Base and XLT trims also provide an optional turbocharged 2.3-liter turbocharged four-cylinder (280 hp, 310 lb-ft of torque) engine. It’s more fuel-efficient than the routine V6, however depending on how you drive, you might not recognize a lot of cost savings. The V6 is our favored choice of the two.
Restricted models come with the turbo four-cylinder engine as standard (the V6 is optional) and include more convenience and benefit items such as leather upholstery, heated and aerated front seats, power-adjustable pedals, dual-zone automatic climate control, a power tilt-and-telescope wheel, an 8-inch touchscreen display with the new Sync 3 interface, a nine-speaker stereo and power-folding third-row seats.
It’s good, however we prefer the more substantive modifications introduced by the Sport version. It has the majority of the Limited’s features however includes a gutsy turbocharged 3.5-liter V6 (365 hp, 360 lb-ft of torque) and sport-oriented suspension tuning.
Also, range-topping Platinum trim levels are offered solely with the turbo V6 but not the distinct suspension and steering tuning of Sport models. Platinum variants make standard the features provided as alternatives on lesser trim levels. The outcome is the cooking area sink of convenience and driver assistance features to suit the most well-off purchasers. Emphasizes include a panoramic sunroof, a parking help system, adaptive cruise control, ventilated front seats, a heated steering wheel and a 12-speaker Sony audio system. For the Platinum, a rear-seat entertainment system and power-folding second-row captain’s chairs are optional.
The Manufacturer’s Suggested Retail Price (MSRP) for the 2017 Ford Explorer begins around $32,000 for a FWD base model with the standard V6 engine. The 2.3-liter 4-cylinder includes $495 to that total, while the AWD system tacks on $2,200. We think the XLT is a better entry point, at its base price of about $35,000. If you’re trying to find more power, the AWD Sport and Platinum models start at $46,000 and $54,000, respectively. That’s competitive with the Nissan Pathfinder, Toyota Highlander and Honda Pilot, although the Hyundai Santa Fe begins just a couple of hundred dollars south of $32,000. The KBB.com Fair Purchase Price helps you get a good deal by informing you exactly what other Explorer purchasers in your location paid. Keep in mind that the Explorer’s resale worth holds up better than the Dodge Durango, and is best in line with the Chevrolet Traverse and Pilot, even if it’s less than the Highlander.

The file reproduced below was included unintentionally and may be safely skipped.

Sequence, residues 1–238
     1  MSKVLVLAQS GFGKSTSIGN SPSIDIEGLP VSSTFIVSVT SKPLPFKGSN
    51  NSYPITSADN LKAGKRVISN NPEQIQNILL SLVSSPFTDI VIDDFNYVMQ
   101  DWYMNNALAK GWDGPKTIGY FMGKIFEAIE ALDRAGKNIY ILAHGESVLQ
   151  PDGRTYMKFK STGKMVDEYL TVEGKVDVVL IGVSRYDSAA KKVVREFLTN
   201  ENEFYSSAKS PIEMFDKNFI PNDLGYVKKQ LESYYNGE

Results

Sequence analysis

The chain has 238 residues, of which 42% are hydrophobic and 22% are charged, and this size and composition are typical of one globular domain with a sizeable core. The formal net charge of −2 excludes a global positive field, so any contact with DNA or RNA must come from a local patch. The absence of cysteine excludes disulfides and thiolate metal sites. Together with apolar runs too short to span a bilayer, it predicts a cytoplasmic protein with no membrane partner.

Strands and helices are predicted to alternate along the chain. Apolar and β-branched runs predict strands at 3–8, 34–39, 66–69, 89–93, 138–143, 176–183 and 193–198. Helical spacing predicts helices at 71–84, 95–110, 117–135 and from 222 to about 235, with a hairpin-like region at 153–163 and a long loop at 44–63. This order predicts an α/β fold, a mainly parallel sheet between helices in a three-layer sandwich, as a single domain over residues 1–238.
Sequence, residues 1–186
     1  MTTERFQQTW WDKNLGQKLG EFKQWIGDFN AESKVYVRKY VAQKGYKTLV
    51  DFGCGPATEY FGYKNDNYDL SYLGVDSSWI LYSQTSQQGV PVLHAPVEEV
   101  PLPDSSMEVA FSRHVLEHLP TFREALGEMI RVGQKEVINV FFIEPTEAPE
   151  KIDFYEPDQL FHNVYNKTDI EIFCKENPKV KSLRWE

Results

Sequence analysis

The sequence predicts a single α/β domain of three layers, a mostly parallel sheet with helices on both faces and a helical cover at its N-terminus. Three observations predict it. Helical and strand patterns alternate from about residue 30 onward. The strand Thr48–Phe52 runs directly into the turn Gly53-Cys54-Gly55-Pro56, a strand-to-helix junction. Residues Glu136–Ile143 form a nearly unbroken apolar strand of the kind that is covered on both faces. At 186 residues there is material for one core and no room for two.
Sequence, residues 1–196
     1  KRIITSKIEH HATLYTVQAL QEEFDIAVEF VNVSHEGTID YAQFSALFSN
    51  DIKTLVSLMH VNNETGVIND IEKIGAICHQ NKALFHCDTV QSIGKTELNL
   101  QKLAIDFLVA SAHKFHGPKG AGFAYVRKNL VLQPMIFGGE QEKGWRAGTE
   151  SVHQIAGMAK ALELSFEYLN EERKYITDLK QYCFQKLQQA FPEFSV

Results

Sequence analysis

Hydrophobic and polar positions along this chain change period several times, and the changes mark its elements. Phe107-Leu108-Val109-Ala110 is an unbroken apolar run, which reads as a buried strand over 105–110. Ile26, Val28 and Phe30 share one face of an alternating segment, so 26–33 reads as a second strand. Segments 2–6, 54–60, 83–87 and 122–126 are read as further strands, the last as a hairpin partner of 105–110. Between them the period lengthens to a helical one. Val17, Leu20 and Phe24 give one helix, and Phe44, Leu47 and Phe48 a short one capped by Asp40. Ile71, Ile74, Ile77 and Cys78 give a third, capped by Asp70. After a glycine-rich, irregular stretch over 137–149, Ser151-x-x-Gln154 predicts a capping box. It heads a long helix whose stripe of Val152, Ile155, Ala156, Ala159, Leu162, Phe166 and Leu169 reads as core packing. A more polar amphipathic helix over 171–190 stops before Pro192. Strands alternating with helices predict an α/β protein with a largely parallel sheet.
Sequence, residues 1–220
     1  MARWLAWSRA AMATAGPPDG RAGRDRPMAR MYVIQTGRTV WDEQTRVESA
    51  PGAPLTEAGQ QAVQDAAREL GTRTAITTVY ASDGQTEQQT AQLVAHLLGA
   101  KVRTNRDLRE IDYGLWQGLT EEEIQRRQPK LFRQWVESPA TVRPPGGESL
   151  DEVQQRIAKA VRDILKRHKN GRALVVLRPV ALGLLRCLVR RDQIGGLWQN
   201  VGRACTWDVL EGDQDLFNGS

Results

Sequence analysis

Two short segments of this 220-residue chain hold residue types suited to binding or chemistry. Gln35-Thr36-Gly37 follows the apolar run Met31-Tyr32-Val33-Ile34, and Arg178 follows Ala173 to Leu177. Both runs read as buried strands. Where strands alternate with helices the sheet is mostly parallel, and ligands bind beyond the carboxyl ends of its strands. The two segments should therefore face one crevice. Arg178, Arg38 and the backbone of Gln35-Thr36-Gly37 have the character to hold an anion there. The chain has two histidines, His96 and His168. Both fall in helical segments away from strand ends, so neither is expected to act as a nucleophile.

If you discover that the Explorer’s freight space is doing not have, consider the Chevrolet Traverse. It stands apart for its exceptionally spacious interior, which has nearly 35 cubic feet more total freight space than the Explorer. In fact, the Traverse has more freight area than almost any SUV on the marketplace, regardless of class. The Traverse also has a lot of passenger space and seating for up to 8, which is room for another than the Explorer. The very first 2 rows of seats have a lot of space, and chauffeurs will value the exceptional exposure. Even the third row has enough area for some grownups. By comparison, the Explorer’s 3rd row is a battle for adults to fit comfortably. High-quality products throughout the cabin offer the Traverse a more high end feel than the Explorer. The Chevrolet Traverse is not only produced in the U.S., however it also domestically sources a vast majority of its parts. The Traverse offers much of the same standard equipment as the Explorer, at a starting price almost $3,000 less. In many ways, the Traverse is a much better choice for the midsize SUV buyer.